Grassley Launches Inquiry Into Reports Alleging Fed Computers Used to View Porn

Published January 28, 2009

| FoxNews.com

The ranking member of the Senate Finance Committee launched an inquiry Tuesday into reports that National Science Foundation officials are using government computers to view pornographic Web sites during working hours.

In a letter sent to the NSF's inspector general Tuesday, Chuck Grassley requested access to all documents related to the "numerous reports" and seven investigations into "Abuse of NSF IT Resources" -- which are referenced in the agency's 68-page semi-annual report.

In one instance, the report cites an NSF "senior official" who allegedly spent 20 percent of his work hours "viewing sexually explicit" Web sites -- amounting to a potential loss of $58,000 in employee compensation.

Grassley has asked the NSF to disclose all "specific reports of investigations, audit reports, evaluations and information supporting the examination of the NSF network drive" by Thursday to "ensure that NSF properly fulfills its mission to strengthen scientific and engineering research, and makes responsible use of the public funding provided for these research disciplines."

"The semi-annual report raises real questions about how the National Science Foundation manages its resources, and Congress ought to demand a full accounting before it gives the agency another $3 billion in the stimulus bill," Grassley said in the letter obtained by FOX News.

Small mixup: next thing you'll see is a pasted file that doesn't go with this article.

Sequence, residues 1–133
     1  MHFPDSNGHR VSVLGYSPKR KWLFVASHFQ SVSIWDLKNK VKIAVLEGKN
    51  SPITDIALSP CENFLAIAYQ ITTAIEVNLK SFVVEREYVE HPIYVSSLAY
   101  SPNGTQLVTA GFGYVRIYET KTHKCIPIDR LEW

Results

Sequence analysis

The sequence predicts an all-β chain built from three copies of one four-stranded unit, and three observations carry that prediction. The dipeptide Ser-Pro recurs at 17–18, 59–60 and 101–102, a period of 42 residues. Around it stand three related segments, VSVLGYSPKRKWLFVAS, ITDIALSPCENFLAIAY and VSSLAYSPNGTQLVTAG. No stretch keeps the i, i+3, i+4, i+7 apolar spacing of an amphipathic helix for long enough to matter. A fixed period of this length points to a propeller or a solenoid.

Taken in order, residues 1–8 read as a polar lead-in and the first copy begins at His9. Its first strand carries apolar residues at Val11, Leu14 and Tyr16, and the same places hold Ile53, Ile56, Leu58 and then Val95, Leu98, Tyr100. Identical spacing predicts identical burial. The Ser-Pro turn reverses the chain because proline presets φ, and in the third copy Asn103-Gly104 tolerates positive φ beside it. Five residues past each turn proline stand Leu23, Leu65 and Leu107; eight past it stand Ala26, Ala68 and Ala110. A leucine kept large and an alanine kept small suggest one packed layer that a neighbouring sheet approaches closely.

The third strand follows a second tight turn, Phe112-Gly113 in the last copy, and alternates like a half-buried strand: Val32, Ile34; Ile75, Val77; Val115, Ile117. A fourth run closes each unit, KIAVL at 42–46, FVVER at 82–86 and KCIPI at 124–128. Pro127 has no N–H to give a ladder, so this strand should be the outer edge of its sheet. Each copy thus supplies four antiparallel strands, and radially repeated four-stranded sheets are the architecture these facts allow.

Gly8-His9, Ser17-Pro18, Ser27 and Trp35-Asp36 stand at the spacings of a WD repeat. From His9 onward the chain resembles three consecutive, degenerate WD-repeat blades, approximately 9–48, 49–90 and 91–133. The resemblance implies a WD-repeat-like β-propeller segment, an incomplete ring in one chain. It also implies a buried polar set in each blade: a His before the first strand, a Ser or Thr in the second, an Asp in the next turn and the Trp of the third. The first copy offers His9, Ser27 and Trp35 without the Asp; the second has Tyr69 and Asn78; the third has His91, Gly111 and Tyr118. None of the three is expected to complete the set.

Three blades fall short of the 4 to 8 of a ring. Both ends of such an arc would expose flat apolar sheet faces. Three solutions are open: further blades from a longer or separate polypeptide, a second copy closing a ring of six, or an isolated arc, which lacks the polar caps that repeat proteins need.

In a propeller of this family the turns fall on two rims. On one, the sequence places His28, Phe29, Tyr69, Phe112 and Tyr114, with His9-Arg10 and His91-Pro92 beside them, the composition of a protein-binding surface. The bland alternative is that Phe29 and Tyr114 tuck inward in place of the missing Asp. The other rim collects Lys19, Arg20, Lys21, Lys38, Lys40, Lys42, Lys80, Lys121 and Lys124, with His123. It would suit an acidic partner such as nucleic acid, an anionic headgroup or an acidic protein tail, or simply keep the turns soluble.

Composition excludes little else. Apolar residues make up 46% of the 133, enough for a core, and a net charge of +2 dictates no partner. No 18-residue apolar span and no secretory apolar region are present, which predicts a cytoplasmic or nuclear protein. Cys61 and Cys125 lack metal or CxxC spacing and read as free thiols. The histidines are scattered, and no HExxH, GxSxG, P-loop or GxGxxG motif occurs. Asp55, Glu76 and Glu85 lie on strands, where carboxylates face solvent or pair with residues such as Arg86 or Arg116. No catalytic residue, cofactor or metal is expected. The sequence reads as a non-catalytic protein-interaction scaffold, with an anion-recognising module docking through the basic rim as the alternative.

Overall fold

Sen. Barbara Mikulski, who heads a subcommittee that doles out taxpayer dollars to the NSF, will work with Grassley on the probe, her spokeswoman told FOX News.

In response to Grassley's inquiry, the NSF released a statement Wednesday, saying the agency has a "long-standing policy prohibiting the inappropriate use of government IT resources -- including the viewing, downloading, or playing of sexually explicit material."

"Any NSF employee who violates the proper IT use policies faces immediate disciplinary action that can result in firing and civil or criminal penalties," Jeff Nesbit, NSF director of legislative and public affairs, said in a statement. 

Nesbit said the "senior official" named in the report retired after receiving a final decision to remove him from federal service.

Click here to read Chuck Grassley's letter. 

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